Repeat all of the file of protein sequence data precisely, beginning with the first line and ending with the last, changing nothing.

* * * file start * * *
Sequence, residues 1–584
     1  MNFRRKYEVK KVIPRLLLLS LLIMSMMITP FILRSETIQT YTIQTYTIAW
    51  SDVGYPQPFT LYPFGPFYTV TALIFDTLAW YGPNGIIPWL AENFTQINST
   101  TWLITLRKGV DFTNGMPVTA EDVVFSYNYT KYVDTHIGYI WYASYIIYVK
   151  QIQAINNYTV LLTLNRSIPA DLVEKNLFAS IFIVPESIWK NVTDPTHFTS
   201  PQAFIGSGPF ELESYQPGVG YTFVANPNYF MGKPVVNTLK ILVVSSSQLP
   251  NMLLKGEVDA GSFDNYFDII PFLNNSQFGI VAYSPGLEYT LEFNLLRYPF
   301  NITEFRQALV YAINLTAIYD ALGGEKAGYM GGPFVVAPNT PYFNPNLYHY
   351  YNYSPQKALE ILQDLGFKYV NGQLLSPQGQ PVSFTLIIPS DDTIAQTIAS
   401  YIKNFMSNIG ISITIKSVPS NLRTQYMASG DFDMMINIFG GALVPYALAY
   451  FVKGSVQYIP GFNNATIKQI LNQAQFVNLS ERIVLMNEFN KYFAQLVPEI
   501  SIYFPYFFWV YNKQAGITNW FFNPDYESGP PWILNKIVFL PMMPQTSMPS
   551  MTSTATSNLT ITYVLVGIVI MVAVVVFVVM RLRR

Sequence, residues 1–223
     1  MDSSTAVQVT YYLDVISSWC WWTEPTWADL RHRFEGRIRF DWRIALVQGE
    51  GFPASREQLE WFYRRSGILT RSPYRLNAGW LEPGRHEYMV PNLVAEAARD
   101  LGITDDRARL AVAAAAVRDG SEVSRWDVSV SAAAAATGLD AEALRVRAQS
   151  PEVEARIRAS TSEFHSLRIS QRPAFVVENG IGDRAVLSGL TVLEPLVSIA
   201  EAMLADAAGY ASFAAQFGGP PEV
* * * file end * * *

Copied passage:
Sequence, residues 1–584
     1  MNFRRKYEVK KVIPRLLLLS LLIMSMMITP FILRSETIQT YTIQTYTIAW
    51  SDVGYPQPFT LYPFGPFYTV TALIFDTLAW YGPNGIIPWL AENFTQINST
   101  TWLITLRKGV DFTNGMPVTA EDVVFSYNYT KYVDTHIGYI WYASYIIYVK
   151  QIQAINNYTV LLTLNRSIPA DLVEKNLFAS IFIVPESIWK NVTDPTHFTS
   201  PQAFIGSGPF ELESYQPGVG YTFVANPNYF MGKPVVNTLK ILVVSSSQLP
   251  NMLLKGEVDA GSFDNYFDII PFLNNSQFGI VAYSPGLEYT LEFNLLRYPF
   301  NITEFRQALV YAINLTAIYD ALGGEKAGYM GGPFVVAPNT PYFNPNLYHY
   351  YNYSPQKALE ILQDLGFKYV NGQLLSPQGQ PVSFTLIIPS DDTIAQTIAS
   401  YIKNFMSNIG ISITIKSVPS NLRTQYMASG DFDMMINIFG GALVPYALAY
   451  FVKGSVQYIP GFNNATIKQI LNQAQFVNLS ERIVLMNEFN KYFAQLVPEI
   501  SIYFPYFFWV YNKQAGITNW FFNPDYESGP PWILNKIVFL PMMPQTSMPS
   551  MTSTATSNLT ITYVLVGIVI MVAVVVFVVM RLRR

Sequence, residues 1–223
     1  MDSSTAVQVT YYLDVISSWC WWTEPTWADL RHRFEGRIRF DWRIALVQGE
    51  GFPASREQLE WFYRRSGILT RSPYRLNAGW LEPGRHEYMV PNLVAEAARD
   101  LGITDDRARL AVAAAAVRDG SEVSRWDVSV SAAAAATGLD AEALRVRAQS
   151  PEVEARIRAS TSEFHSLRIS QRPAFVVENG IGDRAVLSGL TVLEPLVSIA
   201  EAMLADAAGY ASFAAQFGGP PEV